This paper will provide an overview of and engage with debates about thelabor migration to Ireland
which both resulted in response to, as wellfacilitated, unprecedented economic growth. The analysis will focus on waysthat labor unions have responded to the immigration and will argue thatunions, although they have made some positive developments in trying toinclude immigrants, their overall efforts remained marginal and inefficientbecause: a) business-state-unions power nexus called Social Partnershipcontributed to union depoliticization and establishment of ‘non-ideological’neoliberal space; b) lack of the grassroots organizing practices anddeployment of neoliberal governmentality in dealing with their membership;c) neoliberal union rationalities that avert both the analysis and adoption of innovative tactics that would be able to address the mobile migrantworkforce and the global economy. Therefore, despite the dominant viewsabout the (until recently) booming economy, social welfare state, andtolerant, pro-immigration society, Ireland can be analyzed as an experimentin which Social Partnership serves as central element to the emergence of neoliberal governmentality.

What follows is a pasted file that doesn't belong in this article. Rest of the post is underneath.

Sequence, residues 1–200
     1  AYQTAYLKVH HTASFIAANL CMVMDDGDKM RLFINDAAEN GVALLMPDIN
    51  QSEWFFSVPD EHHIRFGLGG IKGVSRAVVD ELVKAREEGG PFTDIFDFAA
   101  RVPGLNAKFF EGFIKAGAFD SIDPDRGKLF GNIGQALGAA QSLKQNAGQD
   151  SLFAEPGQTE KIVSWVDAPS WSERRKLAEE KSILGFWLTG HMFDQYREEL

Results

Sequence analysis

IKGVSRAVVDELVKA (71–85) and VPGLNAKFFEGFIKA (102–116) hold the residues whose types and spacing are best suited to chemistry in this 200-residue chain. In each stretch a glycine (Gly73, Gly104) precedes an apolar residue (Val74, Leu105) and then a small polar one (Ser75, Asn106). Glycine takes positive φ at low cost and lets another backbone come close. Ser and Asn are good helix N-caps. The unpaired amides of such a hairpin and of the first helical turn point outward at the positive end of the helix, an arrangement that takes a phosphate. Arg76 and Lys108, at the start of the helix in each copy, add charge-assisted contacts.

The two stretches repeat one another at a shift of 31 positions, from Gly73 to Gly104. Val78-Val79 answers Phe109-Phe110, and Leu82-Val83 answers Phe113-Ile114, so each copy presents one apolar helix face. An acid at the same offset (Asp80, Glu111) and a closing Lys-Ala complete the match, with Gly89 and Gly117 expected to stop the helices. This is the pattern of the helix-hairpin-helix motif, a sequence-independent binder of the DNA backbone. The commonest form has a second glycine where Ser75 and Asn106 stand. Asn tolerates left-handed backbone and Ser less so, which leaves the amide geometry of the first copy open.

Why talk about Ireland? Because Ireland can serve as a space of particularity to reveal something quite universal about social, political, andeconomic developments that often are subsumed under the umbrella termof “neoliberalism.”
Ireland turned itself into a test site – a laboratory of neoliberal experimentation – and the results astounded critics andenthusiasts alike. Ireland is an interesting case-study because of the rapidpace of demographic and economic change. For example, while in 1994immigrant workers constituted 2% of the labor in 2006 it was 17%.
Throughout this paper “Ireland” will be used to refer to Republic of Ireland even if somepolitics, policies, and union sphere of influence extend to Northern Ireland.
While being aware of how the term has been overused and is increasingly becoming anabstraction, I still find a utility in using this term and hopefully throughout this paper it willbecome evident what are some of the specificities of Irish neoliberalism.
Thomas Turner, Daryl D'Art, and Christine Cross, “Polish Workers in Ireland: A ContentedProletariat?”
Labor Studies Journal, Mar 2009; vol. 34: pp. 112 – 126